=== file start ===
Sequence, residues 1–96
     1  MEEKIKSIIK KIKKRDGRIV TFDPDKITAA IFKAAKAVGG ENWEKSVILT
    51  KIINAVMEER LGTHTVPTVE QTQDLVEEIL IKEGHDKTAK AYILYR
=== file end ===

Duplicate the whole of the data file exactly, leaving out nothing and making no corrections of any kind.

Sequence, residues 1–96
     1  MEEKIKSIIK KIKKRDGRIV TFDPDKITAA IFKAAKAVGG ENWEKSVILT
    51  KIINAVMEER LGTHTVPTVE QTQDLVEEIL IKEGHDKTAK AYILYR